Most political parties are still operating a campaign funding system that is more suited to a TV-industrial complex than the 21st Century.  If you are launching a policy intended for the masses, you need to spend a hell of a lot of money.  Of the 300 major movies launched last year they spent on average $20million in marketing and the vast majority of them flopped.

The problem with this system is that you have to make the marketing work really quickly.  If your new policy doesn’t break through the noise, capture peoples attention and allow you to dominate the debate then it’s all over.  You’ve wasted your money and the policy is quietly put to sleep.

The front-loading of party political campaign spending so close to the lead up of an election does two things to your policy:

* It means you have a very narrow window to launch a new policy because each one cost so much in political and financial capital.  Therefore, you won’t make risky bets, and as a party you’ll be even more likely to introduce boring, me-too policies.

* It doesn’t give you a chance to ride through the idea diffusion curve.  It takes a while to reach the early adopters for a new policy and turn them into advocates who can then spread your message to the wider public.  Your election-cycle focused budget means that by the time the mass electorate hear about your policy, you’ve burned out the media and cost the party a fortune.

In the Westminster constituency of Perth & North Pertshire the Tory’s spent nearly £100,000 in the run up to election day.  Marketing that came too late and disappeared before the candidate could get a toe-hold in the constituency and spread his policy ideas (most of which weren’t very good anyway).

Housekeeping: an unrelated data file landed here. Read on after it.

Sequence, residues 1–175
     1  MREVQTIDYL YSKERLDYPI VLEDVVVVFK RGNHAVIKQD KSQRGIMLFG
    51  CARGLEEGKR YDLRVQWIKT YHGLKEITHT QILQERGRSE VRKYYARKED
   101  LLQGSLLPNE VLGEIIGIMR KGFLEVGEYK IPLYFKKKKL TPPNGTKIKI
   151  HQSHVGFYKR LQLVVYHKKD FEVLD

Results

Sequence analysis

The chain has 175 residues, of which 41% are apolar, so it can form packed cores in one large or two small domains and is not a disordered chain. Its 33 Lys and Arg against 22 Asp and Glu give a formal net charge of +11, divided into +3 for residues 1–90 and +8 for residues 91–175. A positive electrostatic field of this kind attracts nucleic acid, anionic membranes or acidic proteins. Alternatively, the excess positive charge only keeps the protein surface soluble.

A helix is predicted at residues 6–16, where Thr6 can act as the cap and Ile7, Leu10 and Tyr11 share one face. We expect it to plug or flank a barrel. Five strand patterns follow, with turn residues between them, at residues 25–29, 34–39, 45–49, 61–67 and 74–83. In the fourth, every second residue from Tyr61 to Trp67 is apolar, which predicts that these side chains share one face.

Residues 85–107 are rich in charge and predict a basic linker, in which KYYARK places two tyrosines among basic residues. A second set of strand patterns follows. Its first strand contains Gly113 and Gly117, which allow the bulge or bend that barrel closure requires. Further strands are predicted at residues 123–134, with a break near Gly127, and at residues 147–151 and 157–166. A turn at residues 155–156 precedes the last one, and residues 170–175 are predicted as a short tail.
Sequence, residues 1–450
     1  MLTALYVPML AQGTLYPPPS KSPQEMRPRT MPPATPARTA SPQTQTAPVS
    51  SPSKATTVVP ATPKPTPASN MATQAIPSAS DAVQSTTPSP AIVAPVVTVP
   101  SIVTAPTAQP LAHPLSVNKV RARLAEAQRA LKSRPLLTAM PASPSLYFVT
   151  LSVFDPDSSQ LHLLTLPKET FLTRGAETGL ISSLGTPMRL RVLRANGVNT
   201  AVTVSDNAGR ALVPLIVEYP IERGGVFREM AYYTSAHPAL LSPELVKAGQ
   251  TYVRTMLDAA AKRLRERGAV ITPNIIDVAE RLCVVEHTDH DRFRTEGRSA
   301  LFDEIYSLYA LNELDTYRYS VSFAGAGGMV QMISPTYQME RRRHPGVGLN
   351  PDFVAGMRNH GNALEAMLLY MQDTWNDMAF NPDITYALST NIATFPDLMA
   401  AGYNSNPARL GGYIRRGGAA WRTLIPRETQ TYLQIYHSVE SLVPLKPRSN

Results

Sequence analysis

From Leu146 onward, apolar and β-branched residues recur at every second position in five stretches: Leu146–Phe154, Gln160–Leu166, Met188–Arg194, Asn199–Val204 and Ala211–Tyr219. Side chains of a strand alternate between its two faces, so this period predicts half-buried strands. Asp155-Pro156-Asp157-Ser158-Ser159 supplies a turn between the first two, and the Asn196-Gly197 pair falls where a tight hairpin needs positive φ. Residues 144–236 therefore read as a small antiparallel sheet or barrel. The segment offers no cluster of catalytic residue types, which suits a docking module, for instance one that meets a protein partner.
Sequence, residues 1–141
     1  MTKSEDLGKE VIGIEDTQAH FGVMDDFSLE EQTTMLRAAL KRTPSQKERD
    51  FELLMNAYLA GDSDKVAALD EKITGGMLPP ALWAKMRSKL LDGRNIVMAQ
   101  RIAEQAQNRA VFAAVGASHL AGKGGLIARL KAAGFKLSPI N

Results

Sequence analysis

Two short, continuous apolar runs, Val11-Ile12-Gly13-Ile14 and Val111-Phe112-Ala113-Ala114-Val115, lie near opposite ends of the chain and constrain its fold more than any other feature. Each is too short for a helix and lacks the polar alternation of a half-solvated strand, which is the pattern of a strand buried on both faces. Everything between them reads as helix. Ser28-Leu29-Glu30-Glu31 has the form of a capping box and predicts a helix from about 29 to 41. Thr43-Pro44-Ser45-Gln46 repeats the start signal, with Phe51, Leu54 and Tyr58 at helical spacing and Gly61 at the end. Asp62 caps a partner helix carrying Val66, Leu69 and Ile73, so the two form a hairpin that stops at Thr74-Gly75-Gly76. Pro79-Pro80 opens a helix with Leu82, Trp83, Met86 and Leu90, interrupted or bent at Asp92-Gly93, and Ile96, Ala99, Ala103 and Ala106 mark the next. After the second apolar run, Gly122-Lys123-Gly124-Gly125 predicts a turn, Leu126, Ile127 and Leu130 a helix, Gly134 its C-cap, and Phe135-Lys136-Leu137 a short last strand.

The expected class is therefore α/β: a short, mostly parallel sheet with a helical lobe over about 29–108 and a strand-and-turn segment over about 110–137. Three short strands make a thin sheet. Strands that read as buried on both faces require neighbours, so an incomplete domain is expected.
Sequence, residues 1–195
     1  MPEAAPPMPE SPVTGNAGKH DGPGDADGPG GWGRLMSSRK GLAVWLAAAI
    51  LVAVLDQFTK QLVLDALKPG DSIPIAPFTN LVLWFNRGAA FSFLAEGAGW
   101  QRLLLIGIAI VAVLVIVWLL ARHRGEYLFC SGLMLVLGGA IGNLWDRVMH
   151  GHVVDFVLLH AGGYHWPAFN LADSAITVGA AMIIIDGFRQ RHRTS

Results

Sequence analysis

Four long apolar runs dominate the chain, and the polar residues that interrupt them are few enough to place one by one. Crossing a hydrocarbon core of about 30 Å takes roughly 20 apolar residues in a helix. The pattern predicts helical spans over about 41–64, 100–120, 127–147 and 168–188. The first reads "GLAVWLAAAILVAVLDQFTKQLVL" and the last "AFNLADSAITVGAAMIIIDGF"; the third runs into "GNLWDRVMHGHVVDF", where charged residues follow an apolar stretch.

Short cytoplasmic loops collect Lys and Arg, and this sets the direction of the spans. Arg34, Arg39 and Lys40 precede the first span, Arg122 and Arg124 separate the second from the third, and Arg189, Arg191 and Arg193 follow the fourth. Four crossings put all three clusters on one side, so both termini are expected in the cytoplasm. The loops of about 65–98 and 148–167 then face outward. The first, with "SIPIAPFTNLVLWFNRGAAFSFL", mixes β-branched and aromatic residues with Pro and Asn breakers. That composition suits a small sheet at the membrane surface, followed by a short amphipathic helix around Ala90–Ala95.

Compare this to the success of just about every move that has suprised Hollywood in recent years.  When a Blair Witch Project or My Big Fat Greek Wedding happens, it doesn’t get launched with a huge marketing budget.  The filmmakers wisely focus on creating a remarkable movie instead.

It seems obvious, yet just about every product aimed at a large audience falls into this trap.  Apple plays the long game with their designs.  Even today I’m hearing of things they are allegedly working on that won’t hit the shops for another two years but that they are already working on building anticipation for.

The growing-pains that the Lib Dems are experiencing just now are common to most entrepreneurs who have to try and create a strong culture and narrative for their organisation while at the same time managing growth.  My argument would be that as a party the Lib Dems shouldn’t shy away from creating truly remarkable policies that excite the electorate and members.  Innovation and marketing of our policies shouldn’t just be around election time.  We need to accept that small is beautiful and get over the fact that a large number of our policies will not be to everyone’s taste.  While I understand that my critics will say that modern politics are decided in the centre ground my counterargument would be that as a party we should be constantly looking to shift expectations as to where that centre ground is.


creativity blueprint